During a conversation, I have had a couple days ago, with a person maybe 10, 15 years younger than me, she mentioned that she was working with a group that does projects in the GLOBAL SOUTH. I guess I might have heard the term before, but this time it struck me somehow. In my youth, I was always very left-leaning and participated in several quite radical groups, one way or the other. Back then there were many debates on what we should call poorer nations and regions of the world. The term GLOBAL SOUTH made me realize that this debate is still ongoing.
While I was participating in such debates, it seemed clear, that the term Third World was bad, so we used Developing Nations or sometimes even Trikont (for the three continents Africa, Asia and South America) to describe the poorer nation that differed from the place we were living in. We had the best of intentions and distanced ourselves from racism and such as much as anyone could. But apparently, the development always goes further and now the young women I was talking to, felt to be in a position to tell me that Developing Nations is a very negative term and has to be avoided. One might call it evolution, I call it a problem as well.
It seems to me as if every generation suddenly realizes that there is still racism in the world and that this racism is somehow embedded in certain words used. So far, so good. But then comes the point, when suddenly someone comes up with a solution. The same solution, that is always implemented, let’s get rid of one word and use another instead. So, Third World becomes Developing Nations, becomes Global South … and in some years, this then becomes something else. It has to, since Global South, from the way I understand it, definitely includes Australia and New Zealand and certainly excludes all of Central Asia. How dare they!
I always thought that the idea of communication is to transmit information from one individual to another. So, pointing your finger at something and make the other person understand that you want to draw attention to this something; to my understanding, that would be the most rudimentary form of communication. Both sides have to agree that pointing means pointing though, but beyond that, it makes little difference, how crooked your finger is. But here, in the example above, it is almost like the other side explaining “well I know what your pointing means, but we should do it differently, since pointing like you do is very offensive”. One can do that, but I think that this somehow undermines the way communication works. Communication is always highly abstract and always very open for interpretation. We can be extremely happy, if we reach the point, where the other side gets some of what we are trying to communicate.
Sure, there is the issue of racism, sexism, fascism, etc.. We will certainly never get rid of that. I think it is part of who we are to attempt to find our place within the surrounding multitude of groups. We have to define us by defining otherness. The others are in part what make an individual part of a certain “us”. We are not like them, that make us to the us we hope to be. I am not saying that this makes racism something positive, but rather something that is deeply rooted in our programming. Maybe so deep that we will never get rid of it.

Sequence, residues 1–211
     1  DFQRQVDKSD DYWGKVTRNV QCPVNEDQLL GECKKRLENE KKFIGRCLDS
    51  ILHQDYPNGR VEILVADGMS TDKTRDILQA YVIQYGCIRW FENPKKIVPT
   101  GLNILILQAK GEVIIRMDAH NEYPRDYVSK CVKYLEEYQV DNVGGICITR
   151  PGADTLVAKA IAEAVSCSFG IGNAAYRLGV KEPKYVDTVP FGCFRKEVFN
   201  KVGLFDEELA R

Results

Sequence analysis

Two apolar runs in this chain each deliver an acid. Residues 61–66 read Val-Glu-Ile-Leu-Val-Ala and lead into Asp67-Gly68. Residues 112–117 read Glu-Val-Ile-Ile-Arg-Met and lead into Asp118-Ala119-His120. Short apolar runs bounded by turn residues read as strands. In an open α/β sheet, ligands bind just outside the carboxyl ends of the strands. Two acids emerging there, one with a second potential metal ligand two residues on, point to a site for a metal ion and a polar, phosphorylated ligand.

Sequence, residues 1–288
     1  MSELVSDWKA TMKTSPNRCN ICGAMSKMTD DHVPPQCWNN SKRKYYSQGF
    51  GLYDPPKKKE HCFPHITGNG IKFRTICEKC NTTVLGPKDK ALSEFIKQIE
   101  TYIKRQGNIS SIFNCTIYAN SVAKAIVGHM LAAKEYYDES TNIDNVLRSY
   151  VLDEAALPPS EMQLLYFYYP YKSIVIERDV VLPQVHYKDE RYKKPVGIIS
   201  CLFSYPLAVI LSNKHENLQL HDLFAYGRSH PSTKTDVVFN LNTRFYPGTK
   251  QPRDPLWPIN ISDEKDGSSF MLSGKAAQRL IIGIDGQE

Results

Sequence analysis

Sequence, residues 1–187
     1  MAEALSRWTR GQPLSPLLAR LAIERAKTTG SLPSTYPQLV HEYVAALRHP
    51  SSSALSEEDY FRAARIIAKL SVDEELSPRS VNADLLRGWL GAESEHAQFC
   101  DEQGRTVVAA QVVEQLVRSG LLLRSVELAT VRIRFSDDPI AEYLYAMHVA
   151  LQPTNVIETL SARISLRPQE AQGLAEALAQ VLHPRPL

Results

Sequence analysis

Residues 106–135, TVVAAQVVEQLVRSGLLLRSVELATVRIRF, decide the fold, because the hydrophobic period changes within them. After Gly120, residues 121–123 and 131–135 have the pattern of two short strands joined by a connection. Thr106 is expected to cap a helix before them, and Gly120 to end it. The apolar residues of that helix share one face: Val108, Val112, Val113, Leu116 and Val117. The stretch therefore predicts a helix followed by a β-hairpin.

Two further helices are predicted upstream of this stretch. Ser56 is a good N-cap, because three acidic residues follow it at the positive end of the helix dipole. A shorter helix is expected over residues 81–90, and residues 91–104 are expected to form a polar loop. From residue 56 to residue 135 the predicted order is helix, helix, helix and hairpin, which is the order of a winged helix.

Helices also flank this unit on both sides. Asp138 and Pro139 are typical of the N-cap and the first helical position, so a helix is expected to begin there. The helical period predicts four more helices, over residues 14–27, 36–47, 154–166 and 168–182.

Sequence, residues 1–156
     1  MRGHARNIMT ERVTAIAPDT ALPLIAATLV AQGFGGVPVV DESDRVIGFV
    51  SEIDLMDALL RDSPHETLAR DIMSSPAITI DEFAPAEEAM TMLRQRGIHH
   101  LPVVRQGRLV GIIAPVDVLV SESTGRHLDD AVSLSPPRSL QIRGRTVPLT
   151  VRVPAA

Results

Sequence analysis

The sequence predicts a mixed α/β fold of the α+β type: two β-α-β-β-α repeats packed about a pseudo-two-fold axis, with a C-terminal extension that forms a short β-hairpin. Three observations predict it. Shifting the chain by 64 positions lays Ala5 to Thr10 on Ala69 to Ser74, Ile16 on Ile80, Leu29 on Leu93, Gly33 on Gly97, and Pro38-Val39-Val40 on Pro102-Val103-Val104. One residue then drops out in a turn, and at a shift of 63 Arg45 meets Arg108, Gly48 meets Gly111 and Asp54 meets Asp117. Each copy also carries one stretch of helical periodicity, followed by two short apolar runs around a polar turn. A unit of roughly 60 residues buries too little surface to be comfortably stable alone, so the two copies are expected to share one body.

But blaming language is just wrong. Once you bring enough people to use a new term, that definitely gives you a gratification. It fells as if you made the world a better place, but in fact all you did is change language and not the underlying problem. Since words are absolutely abstract, there is always enough room to project negative thinking into them. Every word and every gesture has the potential of being offensive. What is happening here is far from being the natural development of language and communication systems, but rather the attempt to control minds through the control of words. That is not going to work.
The issue with a word like nigger has nothing to do with the word nigger being offensive in itself, but rather the fact that there is so much racism and oppression towards people with African ancestry. The word nigger becomes a symbol for that and the fact that every new word quickly becomes a new symbol for oppression might just be an indication that the world hasn’t really changed that much. There is still oppression and racism felt directly in these communities. Changing the words people use to describe “them”, or for them to describe “us” did not change anything.
I think the more problems a society has with racism and prejudice, the more people demand quick action to be taken. Changing language has always been an almost instant gratification system. It is like giving the racists a new flag and pretend for a while that they are gone.
There has recently been the bullshittery of white guys to complain about being called white. It seems as if they are trying to hijack the system. If I look at myself in the mirror, I must say that it is not really white what is reflected there. Even my ass – and that rarely sees the sun – would be classified as white. It is also a very long time ago – I guess – that my ancestors left the mountains of the Caucasus. So, calling me Caucasian is a little off too. But I perfectly get that you are talking of people “like me”, when you are saying “white” or “caucasian”. I also get it, when you call me “boy”, because to the outside, that would be a sensible way to classify me amongst a group of people. I have a vague idea of who I am. But most of you have none, or an even far vaguer one. Sometimes it can not be avoided to talk about other people, sometimes people we have only looked at once. And then we have to refer to stereotypes and rash classifications, just to make communication work. And my god, isn’t it amazing that commination works to the extent it does?